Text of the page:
Ontario decision comes long after restrictions on mandatory retirement
Back in 2006, Ontario’s Human Rights Code was changed to protect employees against discrimination on the basis of their age, such as hiring, promotion, training or termination (including mandatory retirement). But for some reason, employee benefits didn’t warrant the same protection.
But the Human Rights Tribunal of Ontario (HRTO) has since decided the code, and related provisions in the Employment Standards Act, amount to age discrimination and violate the Canadian Charter of Rights and Freedoms.
The case concerned Wayne Talos, a teacher at the Grand Erie District School Board in Brantford, Ont., whose extended health, dental and life insurance benefits ended when he turned 65, though he was still working full-time. These benefits were of considerable help when it came to caring for his gravely ill wife.
Talos alleged the exception in the Human Rights Code infringed his equality rights and was unconstitutional, and he sought monetary compensation of $160,000 for lost benefits and compensation for injury to dignity, feelings and self-respect.
In its decision, the tribunal looked extensively at Bill 211, an “Act to amend the Human Rights Code and certain other acts to end mandatory retirement” which was intended to end the upper limit on age that deprived workers from code protection when it came to involuntary retirement, but “preserved the ability to employers to provide differential benefits and pension plan contributions for workers 65 and older in a bid to maintain the financial viability of those plans.”
This “carve-out” was questioned by HRTO associate chair Yola Grant in her May 18 decision:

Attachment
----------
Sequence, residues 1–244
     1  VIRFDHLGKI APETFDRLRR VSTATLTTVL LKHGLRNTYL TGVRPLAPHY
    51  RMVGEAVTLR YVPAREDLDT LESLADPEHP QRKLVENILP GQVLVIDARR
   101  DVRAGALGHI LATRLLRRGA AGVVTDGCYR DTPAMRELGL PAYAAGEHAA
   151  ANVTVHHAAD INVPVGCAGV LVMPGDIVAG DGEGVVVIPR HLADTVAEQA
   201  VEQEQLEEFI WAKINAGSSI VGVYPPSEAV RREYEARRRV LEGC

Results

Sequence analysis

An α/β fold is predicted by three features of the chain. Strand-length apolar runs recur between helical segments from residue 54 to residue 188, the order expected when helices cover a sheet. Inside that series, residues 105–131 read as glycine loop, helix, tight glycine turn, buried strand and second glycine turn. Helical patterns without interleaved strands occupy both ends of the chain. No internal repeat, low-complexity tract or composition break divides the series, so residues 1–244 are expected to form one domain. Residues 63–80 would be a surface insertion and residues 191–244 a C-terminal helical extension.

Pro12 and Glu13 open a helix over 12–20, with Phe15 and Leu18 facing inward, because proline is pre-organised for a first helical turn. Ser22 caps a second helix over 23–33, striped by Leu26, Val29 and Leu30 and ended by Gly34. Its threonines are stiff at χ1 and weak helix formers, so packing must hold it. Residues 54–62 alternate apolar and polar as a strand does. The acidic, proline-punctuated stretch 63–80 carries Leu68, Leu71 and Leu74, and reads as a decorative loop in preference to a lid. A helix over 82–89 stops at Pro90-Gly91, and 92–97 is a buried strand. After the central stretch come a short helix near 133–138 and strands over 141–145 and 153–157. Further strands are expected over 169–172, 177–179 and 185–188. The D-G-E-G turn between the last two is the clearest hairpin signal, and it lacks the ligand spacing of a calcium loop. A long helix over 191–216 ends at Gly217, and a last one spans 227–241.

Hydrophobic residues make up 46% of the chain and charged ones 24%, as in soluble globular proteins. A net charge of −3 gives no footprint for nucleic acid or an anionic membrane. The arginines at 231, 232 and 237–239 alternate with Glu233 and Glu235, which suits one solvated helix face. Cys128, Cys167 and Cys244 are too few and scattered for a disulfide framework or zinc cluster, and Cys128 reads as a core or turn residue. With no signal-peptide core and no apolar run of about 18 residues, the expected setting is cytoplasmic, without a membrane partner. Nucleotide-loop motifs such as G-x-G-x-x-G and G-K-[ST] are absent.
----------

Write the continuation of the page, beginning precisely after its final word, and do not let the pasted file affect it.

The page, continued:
“I find that the policy choice to carve out workers age 65 and older relied on the insurance industry’s expectation of costs increases, an expectation that was not empirically supported in 2005. This policy choice by the legislature ignored ‘independent’ research that indicated little change to the cost of benefit plans in Manitoba and Quebec post-mandatory retirement.”
Bill 211’s purpose to maintain the financial viability of various benefits and pension plans was not supported by any empirical evidence concerning the proportion of workers who would likely remain active after age 65, said Grant, or whether maintenance of these plans would be cost-prohibitive, or whether age differentiation in benefits was necessary to ensure the viability of the group insurance plans.
And since then, more credible actuarial data shows there is no “steeper curve” in costs for workers 65 and older, and that “the policy choice to exclude workers age 65 and older from equal protection in employment benefits appears arbitrary and not ‘within a reasonable range of choices’ to which this tribunal should accord deference,” said Grant.
There are various ways to manage plan costs should increases become unsustainable, she said, so “the legislature could have devised a less intrusive means to meet the objective of maintaining the financial viability of workplace group benefit plans.”
“The age 65 and older group need not be made vulnerable to the loss of employment benefits without recourse to a (quasi-constitutional) human rights claim in order to ensure the financial viability of workplace benefits plans. The government’s age limit of 65 for protection from discrimination in the provision of benefit and insurance plans appears unacceptable given the cogent evidence to the contrary that there is no close link to costs and age,” said Grant.
“The impugned provisions do not minimally impair the rights of these older workers, as an employer is not required to demonstrate that their exclusion from employment benefits is reasonable or bona fide, or justified on an actuarial basis, or because their inclusion would cause undue hardship.”